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SVR 2017 Recap

4/11/17 by Philip Axelrod


Last weekend our team, the Funky Monkeys of Lynbrook High School, attended the Silicon Valley Regional at San Jose State University where our robot's stellar performance helped us advance to the quarterfinals in the elimination rounds. We were excited to win the Judges’ Award in recognition for our our novel "Girl’s Subsystem Challenge,"  that makes it easy for girls to get involved in designing and building our robot. The judges were also impressed by our robot’s robust and capable design.

 

Eesha Deepak (So.), Divya Pereira (Fr.), Priyanka Pereira (Fr.), Anika Singh (Jr.), and Ria Pradeep (Sr.) proudly display the drivetrain and gearboxes they designed and machined.
 

The competition started early Thursday morning, when the team arrived to prepare the robot for competition. The pit crew worked hard to prepare the robot for competition, assembling the new and reinforced gear mechanism we developed since the Utah regional. Once the robot, Punk Monkey, was up and running, our drivers showed off their fast maneuverability and high goal shooting during the practice matches. Our qualification matches began on Friday, and continued through Saturday morning. Our robot quickly climbed the rope and delivered gears to the airship. Punk Monkey showed off its impressive array of skills, and we were ready for the elimination rounds!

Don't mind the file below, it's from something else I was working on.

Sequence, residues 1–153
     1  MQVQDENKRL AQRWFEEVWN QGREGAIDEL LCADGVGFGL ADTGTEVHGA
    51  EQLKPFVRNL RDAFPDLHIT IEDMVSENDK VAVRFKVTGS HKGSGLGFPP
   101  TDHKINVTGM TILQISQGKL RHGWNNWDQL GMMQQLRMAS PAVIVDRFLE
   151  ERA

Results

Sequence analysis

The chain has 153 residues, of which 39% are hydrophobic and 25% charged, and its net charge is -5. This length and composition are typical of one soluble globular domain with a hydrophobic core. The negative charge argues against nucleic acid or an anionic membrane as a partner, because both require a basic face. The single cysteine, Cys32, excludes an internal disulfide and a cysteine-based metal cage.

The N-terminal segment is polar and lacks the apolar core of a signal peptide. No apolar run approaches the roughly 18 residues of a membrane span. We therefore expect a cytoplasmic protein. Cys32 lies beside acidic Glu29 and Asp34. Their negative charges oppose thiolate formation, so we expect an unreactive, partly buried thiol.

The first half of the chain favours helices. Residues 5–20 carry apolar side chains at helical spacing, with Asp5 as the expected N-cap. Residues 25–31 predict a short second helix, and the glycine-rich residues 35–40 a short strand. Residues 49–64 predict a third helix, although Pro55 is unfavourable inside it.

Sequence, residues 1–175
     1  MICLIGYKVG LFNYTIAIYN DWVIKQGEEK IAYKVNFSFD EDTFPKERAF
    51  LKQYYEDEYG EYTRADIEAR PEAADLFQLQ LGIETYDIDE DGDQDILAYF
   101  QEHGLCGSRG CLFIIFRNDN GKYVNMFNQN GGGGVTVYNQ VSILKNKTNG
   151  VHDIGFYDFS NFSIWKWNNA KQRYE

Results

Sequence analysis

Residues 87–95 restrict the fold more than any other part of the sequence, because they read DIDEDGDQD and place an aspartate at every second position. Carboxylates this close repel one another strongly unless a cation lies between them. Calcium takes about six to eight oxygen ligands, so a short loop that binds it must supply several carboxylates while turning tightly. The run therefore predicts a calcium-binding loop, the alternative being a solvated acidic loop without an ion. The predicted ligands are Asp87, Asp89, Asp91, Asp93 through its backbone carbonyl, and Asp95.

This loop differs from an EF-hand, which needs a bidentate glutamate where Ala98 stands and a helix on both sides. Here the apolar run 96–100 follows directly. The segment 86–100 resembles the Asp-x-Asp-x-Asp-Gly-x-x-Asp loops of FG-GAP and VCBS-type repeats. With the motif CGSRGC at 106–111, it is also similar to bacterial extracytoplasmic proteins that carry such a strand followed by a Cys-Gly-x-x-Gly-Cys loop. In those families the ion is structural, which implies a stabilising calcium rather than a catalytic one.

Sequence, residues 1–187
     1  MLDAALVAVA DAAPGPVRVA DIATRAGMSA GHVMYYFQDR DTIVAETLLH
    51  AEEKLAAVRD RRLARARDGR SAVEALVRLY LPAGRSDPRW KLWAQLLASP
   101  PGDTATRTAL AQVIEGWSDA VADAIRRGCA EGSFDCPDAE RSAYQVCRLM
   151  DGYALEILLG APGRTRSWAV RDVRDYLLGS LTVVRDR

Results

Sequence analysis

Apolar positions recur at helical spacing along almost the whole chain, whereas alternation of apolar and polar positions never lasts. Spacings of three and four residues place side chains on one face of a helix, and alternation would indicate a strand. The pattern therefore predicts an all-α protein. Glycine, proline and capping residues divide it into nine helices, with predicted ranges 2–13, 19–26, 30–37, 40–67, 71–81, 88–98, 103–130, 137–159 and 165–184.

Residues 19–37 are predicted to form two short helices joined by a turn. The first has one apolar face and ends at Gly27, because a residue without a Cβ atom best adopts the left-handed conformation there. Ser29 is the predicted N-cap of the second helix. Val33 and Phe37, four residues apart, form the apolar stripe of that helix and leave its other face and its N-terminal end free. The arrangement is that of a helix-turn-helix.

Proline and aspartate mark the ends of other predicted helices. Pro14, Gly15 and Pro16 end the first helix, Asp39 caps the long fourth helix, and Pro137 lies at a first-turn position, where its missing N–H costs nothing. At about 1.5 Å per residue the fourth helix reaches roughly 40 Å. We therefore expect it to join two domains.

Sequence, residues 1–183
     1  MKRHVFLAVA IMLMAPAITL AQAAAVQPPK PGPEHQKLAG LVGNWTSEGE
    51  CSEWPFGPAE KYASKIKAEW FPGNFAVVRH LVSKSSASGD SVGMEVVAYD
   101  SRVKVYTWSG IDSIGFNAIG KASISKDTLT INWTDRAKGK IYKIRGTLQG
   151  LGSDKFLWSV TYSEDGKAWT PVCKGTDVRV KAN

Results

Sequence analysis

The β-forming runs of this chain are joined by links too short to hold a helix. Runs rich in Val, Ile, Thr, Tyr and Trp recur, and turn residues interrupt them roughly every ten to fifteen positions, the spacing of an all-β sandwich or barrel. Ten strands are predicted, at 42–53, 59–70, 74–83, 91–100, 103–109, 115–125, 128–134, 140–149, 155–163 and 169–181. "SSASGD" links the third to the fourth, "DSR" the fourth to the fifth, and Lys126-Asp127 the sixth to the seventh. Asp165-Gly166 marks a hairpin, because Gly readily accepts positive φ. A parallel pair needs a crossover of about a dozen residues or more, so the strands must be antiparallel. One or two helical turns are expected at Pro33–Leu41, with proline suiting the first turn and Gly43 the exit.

Shikhar Jagadeesh (Sr.) watches from the airship as our robot, Punk Monkey, successfully climbs the rope and lights up the touchpad.

 

When teams began selecting alliance partners,the BioMechs #841 of Richmond CA, recognized our robot’s strong climbing and gear scoring capabilities and chose us as their first pick on the fifth alliance. Together with the Robo Rockin' Bots, #2035 from Carmel CA, we advanced into the quarterfinal rounds.

Mr. Giandomenico (Mentor) and James Jiao (So.) work together to remove rivets with a right angle drill as they attach flaps that prevent balls from jamming.

 

In addition to having fun at the regional, we learned a lot from other teams. For example, we were able to learn about the swerve drive that team GRT, #192 from Palo Alto, CA, 3D printed and laser cut. We also reinforced our knowledge of the robot design by presenting our work to the judges. This allowed us the opportunity to get technical awards, but it also required us to fully grasp the concepts, be prepared with our technical binder, and be able to teach someone else about them. After the regional, our team celebrated by having a team dinner along with team Mars Style, #5737 from Beijing China. This regional was both thrilling and educational, and we can’t wait to start working on a robot redesign for the upcoming offseason competitions, Chezy Champs and CalGames.